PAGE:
The purchase of a new main residence will not be chargeable to LTT at the higher rate if a previous main residence was disposed of. However, if the seller purchases another property (e.g. buy-to-let) before completion of the purchase of a new main residence, the seller may be required to ‘look back’ to that intermediate transaction and pay the higher rates.

Replacing a main residence

Similarly to Stamp Duty, in Wales where an individual sells their main residence and replaces it with a new only or main residence either within three years before the sale of the former main residence, or within three years after the main residence is sold, they are subject to pay the standard rate of LTT on the transaction rather than the higher rates.

The WRA emphasised that where the main residence is disposed of within three years after the replacement is acquired, the taxpayer must apply the higher rates rules to the transaction on the effective date of the relevant transaction and pay the higher rates of LTT. If the relevant conditions for the replacement of main residence are met, the taxpayer may claim a repayment.

LTT returns

When a tax return is submitted online, a unique transaction reference number (UTRN) will be produced immediately in an individual’s online account. Individuals will then need to use this UTRN when they make a payment. All the information needed to make the payment is included in the payment slip which can be downloaded when individuals submit their return. Payments need to be completed within 30 days from the day after the effective date of transaction (which is typically the date of purchase), so the WRA are keen for individuals to make full use of this time.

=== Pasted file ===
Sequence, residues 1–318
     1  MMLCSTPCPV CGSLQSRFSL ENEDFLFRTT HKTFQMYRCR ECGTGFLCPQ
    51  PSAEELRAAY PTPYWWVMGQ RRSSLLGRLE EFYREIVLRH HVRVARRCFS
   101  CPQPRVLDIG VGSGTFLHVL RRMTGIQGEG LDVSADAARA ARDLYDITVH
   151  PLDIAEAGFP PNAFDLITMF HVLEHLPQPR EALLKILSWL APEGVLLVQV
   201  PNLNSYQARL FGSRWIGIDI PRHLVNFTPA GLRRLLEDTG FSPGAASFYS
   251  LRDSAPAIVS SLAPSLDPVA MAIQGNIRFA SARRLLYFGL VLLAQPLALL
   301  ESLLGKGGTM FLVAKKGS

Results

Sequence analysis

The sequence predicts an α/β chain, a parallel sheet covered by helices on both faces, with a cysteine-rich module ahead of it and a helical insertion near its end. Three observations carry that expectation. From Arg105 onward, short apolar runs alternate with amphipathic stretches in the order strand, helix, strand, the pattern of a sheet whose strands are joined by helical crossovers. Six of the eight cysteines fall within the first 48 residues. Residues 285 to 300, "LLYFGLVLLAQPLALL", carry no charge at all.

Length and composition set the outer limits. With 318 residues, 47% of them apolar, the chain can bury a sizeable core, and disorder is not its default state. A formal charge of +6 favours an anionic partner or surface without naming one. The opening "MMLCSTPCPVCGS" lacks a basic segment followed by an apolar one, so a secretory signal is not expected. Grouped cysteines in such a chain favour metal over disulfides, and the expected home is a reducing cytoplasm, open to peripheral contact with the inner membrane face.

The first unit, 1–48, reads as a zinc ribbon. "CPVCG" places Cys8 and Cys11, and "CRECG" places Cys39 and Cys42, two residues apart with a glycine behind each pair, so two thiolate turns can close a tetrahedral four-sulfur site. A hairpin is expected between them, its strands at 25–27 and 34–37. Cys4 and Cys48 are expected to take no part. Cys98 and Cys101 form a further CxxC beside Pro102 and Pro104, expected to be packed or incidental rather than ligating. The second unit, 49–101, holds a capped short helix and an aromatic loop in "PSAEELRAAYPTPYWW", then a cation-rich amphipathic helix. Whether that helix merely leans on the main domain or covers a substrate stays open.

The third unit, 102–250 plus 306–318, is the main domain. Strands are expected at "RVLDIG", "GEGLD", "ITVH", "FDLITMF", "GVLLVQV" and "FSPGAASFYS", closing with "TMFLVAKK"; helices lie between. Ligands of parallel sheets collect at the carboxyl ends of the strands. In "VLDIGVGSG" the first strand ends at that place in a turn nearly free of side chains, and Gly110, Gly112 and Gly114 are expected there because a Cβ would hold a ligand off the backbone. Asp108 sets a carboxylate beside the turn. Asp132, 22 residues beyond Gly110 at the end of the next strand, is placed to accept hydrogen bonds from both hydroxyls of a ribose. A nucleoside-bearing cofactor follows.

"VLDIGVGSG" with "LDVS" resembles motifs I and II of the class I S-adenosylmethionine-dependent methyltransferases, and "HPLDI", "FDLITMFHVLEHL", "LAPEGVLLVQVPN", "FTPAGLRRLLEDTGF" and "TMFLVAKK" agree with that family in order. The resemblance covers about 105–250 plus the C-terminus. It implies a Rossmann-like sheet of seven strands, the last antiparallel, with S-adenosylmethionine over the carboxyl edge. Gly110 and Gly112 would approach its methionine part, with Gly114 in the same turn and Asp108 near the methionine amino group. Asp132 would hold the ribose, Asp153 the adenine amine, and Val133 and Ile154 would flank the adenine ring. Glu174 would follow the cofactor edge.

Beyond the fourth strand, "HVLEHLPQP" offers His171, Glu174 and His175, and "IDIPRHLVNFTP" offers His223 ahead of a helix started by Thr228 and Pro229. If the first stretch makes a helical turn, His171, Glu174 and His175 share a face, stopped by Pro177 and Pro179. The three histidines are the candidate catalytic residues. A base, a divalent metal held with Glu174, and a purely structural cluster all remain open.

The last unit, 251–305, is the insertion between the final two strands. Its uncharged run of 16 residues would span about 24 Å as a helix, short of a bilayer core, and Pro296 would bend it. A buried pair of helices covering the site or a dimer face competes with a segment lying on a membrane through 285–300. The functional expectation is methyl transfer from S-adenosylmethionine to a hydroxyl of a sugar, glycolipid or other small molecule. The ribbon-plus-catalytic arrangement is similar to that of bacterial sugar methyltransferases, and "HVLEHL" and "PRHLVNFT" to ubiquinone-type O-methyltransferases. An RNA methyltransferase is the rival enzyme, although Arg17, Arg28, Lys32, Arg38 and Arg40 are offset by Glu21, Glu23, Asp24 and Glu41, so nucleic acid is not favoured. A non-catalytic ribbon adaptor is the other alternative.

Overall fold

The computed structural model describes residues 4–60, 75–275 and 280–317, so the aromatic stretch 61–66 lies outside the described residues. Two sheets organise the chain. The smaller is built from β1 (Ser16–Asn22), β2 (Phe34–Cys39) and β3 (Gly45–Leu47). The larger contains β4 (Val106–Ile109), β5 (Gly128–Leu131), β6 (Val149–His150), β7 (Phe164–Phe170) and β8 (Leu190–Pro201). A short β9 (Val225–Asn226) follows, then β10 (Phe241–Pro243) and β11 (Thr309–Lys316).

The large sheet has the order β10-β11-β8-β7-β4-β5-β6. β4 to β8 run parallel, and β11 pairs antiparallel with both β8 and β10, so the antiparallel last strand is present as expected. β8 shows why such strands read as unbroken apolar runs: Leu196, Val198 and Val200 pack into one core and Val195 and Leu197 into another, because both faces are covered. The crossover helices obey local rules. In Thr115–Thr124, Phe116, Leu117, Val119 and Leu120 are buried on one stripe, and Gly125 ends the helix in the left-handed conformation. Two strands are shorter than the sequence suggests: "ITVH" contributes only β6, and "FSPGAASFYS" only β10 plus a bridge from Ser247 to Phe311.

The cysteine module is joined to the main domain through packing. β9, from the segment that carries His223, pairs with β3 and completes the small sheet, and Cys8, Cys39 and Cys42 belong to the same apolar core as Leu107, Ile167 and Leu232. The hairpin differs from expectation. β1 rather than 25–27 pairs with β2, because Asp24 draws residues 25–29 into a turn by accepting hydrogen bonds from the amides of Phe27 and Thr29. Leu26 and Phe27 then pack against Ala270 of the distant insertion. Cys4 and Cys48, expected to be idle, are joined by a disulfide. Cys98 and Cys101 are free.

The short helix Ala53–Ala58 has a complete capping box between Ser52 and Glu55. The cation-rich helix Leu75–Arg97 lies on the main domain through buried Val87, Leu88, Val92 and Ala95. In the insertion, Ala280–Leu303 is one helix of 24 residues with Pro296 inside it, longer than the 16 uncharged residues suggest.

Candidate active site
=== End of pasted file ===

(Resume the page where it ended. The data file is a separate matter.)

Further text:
For queries about payments contact the WRA directly on 03000 254 000.

WRA Tax Calculator

Members can use and signpost individuals to the WRA Tax Calculator to work out how much tax they will pay.

The WRA will be hosting webinars in November and are developing an online questionnaire via the WRA website to assist individuals to understand the higher rates system and how much they will pay. Further information will be announced via the WRA website shortly, so keep your eyes peeled.